Risks and patients: Should FDA and industry close the perception gap?

December 1, 2011 – 2:33 PM | By Mark McCarty | No comments yet

When patients can see you, but can't hear you

As mentioned in a posting earlier this week, my wife and I were out for dinner recently and made the acquaintance of some opinions about FDA and the industries it regulates. Opinions about FDA ranged from awful to terrible, and doctors and industry fared no better. It seems a lot of people think user fees conscript FDA, and some see the agency, industry and physicians as some sort of malevolent troika that would have made the Kremlin of Leonid Brezhnev proud.

Maybe I’m too close to it all to appreciate the nefariousness, but I wonder how anyone comes to see things that way, not to mention how many see it that way. Here’s the question, though: If those perceptions are widespread, why are such things allowed to fester? One can easily understand why FDA and device makers might dismiss this kind of prattle from a member of the trade press, but it’s not just me who thinks this ought not go unaddressed.

I recently interviewed Bray Patrick-Lake, President/CEO of the PFO Research Foundation (Boulder, Colorado), who appeared at Transcatheter Cardiovascular Therapeutics. One of her remarks at TCT 2011 was some patients “actually believe that when [a drug or device] is FDA approved, the risks are zero.” As covered in the Nov. 30 edition of Medical Device Daily, Patrick-Lake also told the audience at TCT, “if we don’t do a better job of educating patients … we will continue to see lawsuits and backlash” against agency and industry alike.

During our interview, Patrick-Lake said that some patients are “asleep at the wheel” where the risks and benefits of a drug, device or procedure are concerned. She indicated that a failure to appreciate the risks can leave a patient with one of those unintended consequences that seems a bad trade-off, even if their life was saved in the process. A better appreciation for those risks might change a few minds about which treatment to select, Patrick-Lake suggested, but at the very least would avoid the kind of psychological whiplash that goes along with finding out the ride wasn’t free of risk after all.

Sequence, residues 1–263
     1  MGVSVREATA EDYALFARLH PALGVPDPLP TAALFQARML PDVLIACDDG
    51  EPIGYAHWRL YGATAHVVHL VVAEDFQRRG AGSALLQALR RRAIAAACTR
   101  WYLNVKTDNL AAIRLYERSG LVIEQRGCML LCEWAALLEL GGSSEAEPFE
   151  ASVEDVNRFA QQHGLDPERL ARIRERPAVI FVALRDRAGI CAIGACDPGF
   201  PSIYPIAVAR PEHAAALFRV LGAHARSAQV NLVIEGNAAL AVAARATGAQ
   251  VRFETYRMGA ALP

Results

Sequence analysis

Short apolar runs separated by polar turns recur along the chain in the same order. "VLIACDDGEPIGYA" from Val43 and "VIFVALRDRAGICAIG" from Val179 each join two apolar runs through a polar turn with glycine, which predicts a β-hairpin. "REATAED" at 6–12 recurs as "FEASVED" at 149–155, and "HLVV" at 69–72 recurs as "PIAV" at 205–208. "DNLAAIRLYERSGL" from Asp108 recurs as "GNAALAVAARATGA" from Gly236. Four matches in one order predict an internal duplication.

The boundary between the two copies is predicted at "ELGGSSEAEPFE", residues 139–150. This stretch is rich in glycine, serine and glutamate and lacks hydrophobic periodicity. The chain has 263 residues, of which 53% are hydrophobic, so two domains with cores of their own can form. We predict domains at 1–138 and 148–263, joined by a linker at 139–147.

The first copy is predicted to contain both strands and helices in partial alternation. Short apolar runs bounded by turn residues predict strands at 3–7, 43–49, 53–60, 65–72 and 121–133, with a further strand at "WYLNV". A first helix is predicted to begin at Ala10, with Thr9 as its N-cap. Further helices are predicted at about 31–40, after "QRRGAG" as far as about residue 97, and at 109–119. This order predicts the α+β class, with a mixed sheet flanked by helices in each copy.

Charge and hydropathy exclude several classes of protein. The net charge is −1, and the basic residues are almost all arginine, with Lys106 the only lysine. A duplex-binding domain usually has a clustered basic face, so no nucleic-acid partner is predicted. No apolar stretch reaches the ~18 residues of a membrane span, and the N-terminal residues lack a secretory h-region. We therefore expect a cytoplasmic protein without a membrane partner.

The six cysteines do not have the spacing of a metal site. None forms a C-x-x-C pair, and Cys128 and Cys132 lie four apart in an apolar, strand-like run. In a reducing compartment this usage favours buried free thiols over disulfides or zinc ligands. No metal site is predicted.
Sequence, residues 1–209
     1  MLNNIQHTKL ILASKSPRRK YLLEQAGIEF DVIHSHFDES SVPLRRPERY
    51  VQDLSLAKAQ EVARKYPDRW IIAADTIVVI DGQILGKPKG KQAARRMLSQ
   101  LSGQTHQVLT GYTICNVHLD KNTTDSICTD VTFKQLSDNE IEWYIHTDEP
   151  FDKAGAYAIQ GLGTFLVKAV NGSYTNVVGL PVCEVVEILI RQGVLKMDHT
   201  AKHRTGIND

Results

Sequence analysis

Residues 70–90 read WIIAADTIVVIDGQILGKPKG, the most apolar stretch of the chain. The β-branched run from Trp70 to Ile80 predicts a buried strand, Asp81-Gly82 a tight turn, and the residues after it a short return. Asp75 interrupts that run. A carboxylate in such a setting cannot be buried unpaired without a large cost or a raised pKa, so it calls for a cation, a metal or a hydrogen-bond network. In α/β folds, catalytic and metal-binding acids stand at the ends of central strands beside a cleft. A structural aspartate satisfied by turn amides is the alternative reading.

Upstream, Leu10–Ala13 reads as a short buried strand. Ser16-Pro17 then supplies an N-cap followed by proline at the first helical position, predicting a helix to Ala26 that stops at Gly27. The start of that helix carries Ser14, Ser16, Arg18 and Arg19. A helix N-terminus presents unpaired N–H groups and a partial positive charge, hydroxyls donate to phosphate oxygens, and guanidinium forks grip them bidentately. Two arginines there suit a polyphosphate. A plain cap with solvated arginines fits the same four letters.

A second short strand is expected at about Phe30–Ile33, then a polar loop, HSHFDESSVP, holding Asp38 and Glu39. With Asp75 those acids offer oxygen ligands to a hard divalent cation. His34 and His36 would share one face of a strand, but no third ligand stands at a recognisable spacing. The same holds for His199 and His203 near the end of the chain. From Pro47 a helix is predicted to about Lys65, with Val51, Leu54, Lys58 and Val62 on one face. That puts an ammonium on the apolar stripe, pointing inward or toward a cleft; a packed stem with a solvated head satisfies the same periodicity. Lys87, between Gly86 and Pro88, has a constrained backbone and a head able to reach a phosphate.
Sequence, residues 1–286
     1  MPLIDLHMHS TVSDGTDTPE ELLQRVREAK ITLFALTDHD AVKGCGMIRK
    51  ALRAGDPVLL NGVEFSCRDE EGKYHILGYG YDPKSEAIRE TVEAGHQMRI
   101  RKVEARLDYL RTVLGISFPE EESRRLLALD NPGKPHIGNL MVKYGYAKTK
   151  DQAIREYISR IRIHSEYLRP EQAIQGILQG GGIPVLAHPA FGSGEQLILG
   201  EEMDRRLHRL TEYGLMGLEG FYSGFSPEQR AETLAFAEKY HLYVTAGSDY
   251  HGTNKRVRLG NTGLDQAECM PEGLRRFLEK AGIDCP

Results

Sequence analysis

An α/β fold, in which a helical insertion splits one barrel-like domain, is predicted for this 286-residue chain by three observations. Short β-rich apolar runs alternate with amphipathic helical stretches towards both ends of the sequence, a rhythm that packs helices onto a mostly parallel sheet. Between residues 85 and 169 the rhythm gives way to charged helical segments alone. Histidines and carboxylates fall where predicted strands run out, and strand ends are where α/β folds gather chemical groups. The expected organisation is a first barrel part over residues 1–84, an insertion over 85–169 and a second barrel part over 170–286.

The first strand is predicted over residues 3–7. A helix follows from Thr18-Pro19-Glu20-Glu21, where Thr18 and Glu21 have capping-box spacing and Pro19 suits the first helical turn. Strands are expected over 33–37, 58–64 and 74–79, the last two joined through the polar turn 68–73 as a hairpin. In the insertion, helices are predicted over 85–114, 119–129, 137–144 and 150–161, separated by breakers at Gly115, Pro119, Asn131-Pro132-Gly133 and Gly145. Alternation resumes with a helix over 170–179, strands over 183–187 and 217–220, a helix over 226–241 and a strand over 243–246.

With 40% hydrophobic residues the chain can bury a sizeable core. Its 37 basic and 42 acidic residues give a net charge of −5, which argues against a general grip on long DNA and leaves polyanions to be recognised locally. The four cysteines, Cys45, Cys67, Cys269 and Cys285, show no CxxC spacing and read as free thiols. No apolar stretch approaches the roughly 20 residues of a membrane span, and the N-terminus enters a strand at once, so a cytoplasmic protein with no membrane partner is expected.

All the same, Patrick-Lake was not inclined to let FDA, docs and industry off the hook. “What gets advertised or what ends up on 20-20 … is never what happens to the average patient,” she said of DTC ads and sensationalistic media coverage, making the argument that the gap between the two is where device makers and FDA need to put forth some effort.

Patrick-Lake acknowledged that all the data on patient sub-populations means that a lot of work will go into the production of disease-specific patient education material (not to mention updating that material as new data emerge), but she also said that a more general public information campaign might work wonders for those who are not yet patients, giving them the heads-up on what to look for once they end up under a doctor’s care.

Patrick-Lake said a public service campaign intended to make the audience aware of risks “would be very simple to do, and I don’t think it would be that expensive.” She also remarked, “I can’t imagine industry would have anything to lose over patients being better informed,” stating that both industry and FDA bear some responsibility to do something along these lines.

“It can be done and it should be done,” she said.

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